6 Chanterelle Mushroom Substitutes

A Chanterelle mushroom is an orange, yellow, white, or sometimes a mixture of these that has a funnel-shaped bottom. They are edible wild mushrooms that taste nutty and earthy and are best when cooked and prepared. What mushrooms can you substitute for chanterelle mushrooms?

You can substitute oyster mushrooms, shiitake mushrooms, and maitake mushrooms for chanterelle mushrooms in earthy and woodsy flavored savory dishes. Porcini mushrooms, crimini mushrooms, and button mushrooms are all mild varieties of mushrooms that are excellent substitutes for chanterelles. The choice comes down to the variety of mushrooms you can find locally as well as the desired flavor profile of the dish.

To make the best substitute for chanterelle mushrooms in your dish it is a good idea to get to know the variety of mushrooms commonly available in your area. Once you determine the type of mushrooms found in your area, it is also a good idea to try them out and do some research on them. When you find the flavor profile of a mushroom you like, then you can use it to substitute for chanterelle mushrooms.

The Many Kinds of Mushrooms

There are a lot of mushrooms in the mushroom family and all of them have distinct flavor profiles and tastes. A great way to determine what kind of flavors there are is to get a variety of mushrooms and try them out! Here is a list of common mushrooms that can substitute for the chanterelle mushroom.

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1. Oyster Mushrooms

Oyster mushrooms are smaller mushrooms and have a delicate and savory taste. They have a slight hint of seafood or fishy taste to them and are best eaten cooked. There are many ways to prepare the oyster mushroom which makes it versatile and useful when substituting for chanterelles. Oyster mushrooms can be great in dishes that replace meat with the meaty flesh of the mushroom. 

2. Shiitake Mushrooms

A funny name, but a seriously good meat replacement, the shiitake mushroom makes an excellent choice to substitute for chanterelle mushrooms. The shiitake is rich and buttery when cooked and is a great addition to any grilled meal. They can also be eaten raw and have a light and crisp texture and taste. The shiitake mushroom can be added to sides, soups, and salads to substitute for the chanterelle. 

3. Maitake Mushrooms

In addition to having a very strong earthy flavor, the maitake mushroom has a strong peppery component that makes meals a lot more robust. The mushroom is a powerful player in the savory department, and can effectively replace chanterelle mushrooms in any savory dish. Cooked, these mushrooms are much more flavorful and pleasant and provide a distinct taste of wild mushrooms. There is an aroma of wild mushrooms that is great for wild mushroom soups and casseroles that use cream of mushroom sauce. 

4. Porcini Mushrooms

Porcini mushrooms have a rich and flavorful taste. They also have a nutty flavor and a woodsy after-note that is best experienced when cooked. The raw porcini may have bacteria on it and will also be bitter to the taste. When porcinis are cooked into a dish as a substitute for chanterelles, you can expect a much more delicate taste profile.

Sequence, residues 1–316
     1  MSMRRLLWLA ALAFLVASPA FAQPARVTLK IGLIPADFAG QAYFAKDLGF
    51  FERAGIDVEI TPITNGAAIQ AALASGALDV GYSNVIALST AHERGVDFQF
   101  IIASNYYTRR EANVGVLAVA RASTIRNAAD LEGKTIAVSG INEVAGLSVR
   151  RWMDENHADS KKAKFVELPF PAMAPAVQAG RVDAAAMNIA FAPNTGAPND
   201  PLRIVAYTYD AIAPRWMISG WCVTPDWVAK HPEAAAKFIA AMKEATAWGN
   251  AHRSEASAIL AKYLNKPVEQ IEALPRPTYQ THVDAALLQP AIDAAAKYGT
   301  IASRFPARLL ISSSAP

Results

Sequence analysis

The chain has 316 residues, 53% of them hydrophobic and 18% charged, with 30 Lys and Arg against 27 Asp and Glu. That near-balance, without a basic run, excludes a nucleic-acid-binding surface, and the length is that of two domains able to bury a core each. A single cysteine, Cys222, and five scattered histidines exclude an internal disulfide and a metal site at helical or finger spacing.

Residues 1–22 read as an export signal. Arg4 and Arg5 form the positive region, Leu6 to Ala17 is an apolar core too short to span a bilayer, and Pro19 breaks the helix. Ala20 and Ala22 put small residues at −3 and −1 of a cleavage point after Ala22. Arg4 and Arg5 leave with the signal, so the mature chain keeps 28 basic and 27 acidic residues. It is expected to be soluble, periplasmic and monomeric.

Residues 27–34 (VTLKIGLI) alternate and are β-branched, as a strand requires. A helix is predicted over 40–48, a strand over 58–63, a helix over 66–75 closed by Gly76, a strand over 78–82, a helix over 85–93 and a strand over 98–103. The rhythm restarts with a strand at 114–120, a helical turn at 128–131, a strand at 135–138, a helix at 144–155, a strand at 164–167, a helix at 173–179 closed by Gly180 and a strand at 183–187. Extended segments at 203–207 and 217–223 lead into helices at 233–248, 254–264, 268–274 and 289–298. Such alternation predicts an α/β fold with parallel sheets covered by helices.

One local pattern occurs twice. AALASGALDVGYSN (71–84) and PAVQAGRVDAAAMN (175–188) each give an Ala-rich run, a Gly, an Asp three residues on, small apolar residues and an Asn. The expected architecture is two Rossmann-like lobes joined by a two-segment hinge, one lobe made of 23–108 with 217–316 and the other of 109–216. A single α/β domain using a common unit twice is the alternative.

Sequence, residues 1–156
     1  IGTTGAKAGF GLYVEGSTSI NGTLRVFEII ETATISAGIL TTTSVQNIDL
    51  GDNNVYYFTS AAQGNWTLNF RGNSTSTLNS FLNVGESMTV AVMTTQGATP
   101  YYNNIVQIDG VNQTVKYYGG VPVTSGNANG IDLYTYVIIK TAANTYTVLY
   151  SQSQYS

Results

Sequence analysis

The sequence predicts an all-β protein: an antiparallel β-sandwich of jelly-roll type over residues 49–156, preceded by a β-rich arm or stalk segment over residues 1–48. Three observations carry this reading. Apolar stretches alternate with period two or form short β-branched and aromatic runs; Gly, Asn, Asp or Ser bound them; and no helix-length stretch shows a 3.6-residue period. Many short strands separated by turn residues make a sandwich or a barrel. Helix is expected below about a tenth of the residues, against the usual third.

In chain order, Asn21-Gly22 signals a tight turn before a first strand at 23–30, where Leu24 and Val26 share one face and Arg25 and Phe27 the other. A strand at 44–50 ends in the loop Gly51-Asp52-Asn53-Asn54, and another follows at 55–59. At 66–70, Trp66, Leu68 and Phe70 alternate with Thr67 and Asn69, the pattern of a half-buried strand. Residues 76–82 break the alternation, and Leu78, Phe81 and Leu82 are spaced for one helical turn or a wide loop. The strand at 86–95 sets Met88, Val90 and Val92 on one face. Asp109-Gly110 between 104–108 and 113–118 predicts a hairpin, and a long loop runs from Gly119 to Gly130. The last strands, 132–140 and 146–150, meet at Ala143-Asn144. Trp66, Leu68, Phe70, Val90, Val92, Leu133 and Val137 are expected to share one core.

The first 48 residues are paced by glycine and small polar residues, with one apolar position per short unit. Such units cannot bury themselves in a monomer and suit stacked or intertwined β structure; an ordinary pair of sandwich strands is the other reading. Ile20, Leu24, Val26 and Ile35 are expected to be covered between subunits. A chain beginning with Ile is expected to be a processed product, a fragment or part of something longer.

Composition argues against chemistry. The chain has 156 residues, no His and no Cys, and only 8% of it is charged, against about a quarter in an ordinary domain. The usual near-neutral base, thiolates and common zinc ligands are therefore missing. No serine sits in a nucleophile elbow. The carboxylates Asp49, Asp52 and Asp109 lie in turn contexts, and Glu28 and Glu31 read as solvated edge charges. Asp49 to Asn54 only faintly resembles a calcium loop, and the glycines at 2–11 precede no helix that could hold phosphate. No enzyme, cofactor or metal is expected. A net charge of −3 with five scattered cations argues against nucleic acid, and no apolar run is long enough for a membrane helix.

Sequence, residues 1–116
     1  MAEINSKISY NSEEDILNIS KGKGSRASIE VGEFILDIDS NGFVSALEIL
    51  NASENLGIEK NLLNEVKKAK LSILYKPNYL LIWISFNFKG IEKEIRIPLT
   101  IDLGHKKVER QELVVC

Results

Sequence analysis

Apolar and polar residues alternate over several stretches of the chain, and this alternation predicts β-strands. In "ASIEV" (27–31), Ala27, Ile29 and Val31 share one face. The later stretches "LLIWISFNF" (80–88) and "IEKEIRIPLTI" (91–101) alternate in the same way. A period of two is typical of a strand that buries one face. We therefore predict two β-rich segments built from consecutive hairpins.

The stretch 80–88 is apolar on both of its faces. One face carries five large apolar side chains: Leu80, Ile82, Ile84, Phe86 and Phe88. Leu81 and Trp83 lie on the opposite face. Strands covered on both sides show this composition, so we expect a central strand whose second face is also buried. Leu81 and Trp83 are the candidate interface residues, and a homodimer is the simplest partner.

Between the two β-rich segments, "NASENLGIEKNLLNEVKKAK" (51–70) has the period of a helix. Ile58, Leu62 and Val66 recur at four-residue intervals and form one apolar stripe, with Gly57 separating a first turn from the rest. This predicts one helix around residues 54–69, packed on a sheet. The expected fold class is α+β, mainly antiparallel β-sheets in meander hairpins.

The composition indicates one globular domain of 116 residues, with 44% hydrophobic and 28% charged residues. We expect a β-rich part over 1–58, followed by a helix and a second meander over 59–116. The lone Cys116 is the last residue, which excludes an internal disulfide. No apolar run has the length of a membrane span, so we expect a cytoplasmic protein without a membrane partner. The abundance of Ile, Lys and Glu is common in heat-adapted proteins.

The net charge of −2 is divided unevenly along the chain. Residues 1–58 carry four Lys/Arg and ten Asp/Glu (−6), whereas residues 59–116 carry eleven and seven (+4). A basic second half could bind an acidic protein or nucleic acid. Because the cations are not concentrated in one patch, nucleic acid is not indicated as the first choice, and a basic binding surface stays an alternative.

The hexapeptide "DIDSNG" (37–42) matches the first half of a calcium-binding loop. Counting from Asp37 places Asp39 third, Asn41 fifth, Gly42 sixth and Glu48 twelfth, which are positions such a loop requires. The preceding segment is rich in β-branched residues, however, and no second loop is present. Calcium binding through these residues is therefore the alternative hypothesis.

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It is possible to substitute porcinis for chanterelles in lighter recipes like brown gravies and other brown sauces. If you want to add some flavor to your steak or chicken, add some sauteed porcini mushrooms on top of it. There are many ways to use Porcinis. You can use them in soups as well to replace the chanterelle. 

5. Crimini Mushrooms

The taste of the crimini mushroom is similar to that of the common portobello mushroom. You can describe it as mild, savory, earthy, and slightly sweet. Although they can be eaten raw, their flavor is more pronounced when they are cooked. When they are roasted or sauteed, they replace the chanterelle mushroom with ease in any recipe that calls for it.

Raw crimini mushrooms can be used in appetizers with dips and cheeses. They can also be sliced and added to salads, much like the chanterelle. Although the crimini is not a wild-tasting mushroom by nature, its subtlety offers great flexibility when cooking. 

6. Button Mushrooms

These mushrooms are incredibly mild and slightly nutty in taste. There are smaller earthy notes of flavor, especially when cooked. When eaten raw they are bland-tasting mushrooms but become rich and flavorful when added to recipes in the cooking process. These mushrooms make great substitutes for chanterelles in lighter-tasting recipes and meals. 

Button mushrooms are great in soups and crockpots because the longer you cook them, the tastier they get. This mushroom is incredibly common to find in your local grocery store. Although button mushrooms are not wild mushrooms by nature, they can offer a complexity of taste to any wild mushroom dish. 

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It is possible to substitute chanterelle mushrooms with a variety of other mushrooms that are available. It is advisable to become familiar with the many different kinds of mushrooms if you are looking to learn how to substitute one type of mushroom with another.

Mushrooms like oyster, shiitake, and maitake are heavy hitters when it comes to taste and flavor. The mushrooms can be used as a rich and robust replacement for recipes that use the chanterelle mushroom. Added to previously bland recipes, the earthy taste of these dark-flavored mushrooms creates a whole new flavor experience.

The mushrooms that are more common and have a more delicate flavor are porcini, crimini, and button mushrooms. For those who only want to add a bit of mushroom flavor to their dish, these mushrooms will do the trick. It can be used as a replacement for chanterelles in brown sauces and to enhance the flavor of grilled meats.

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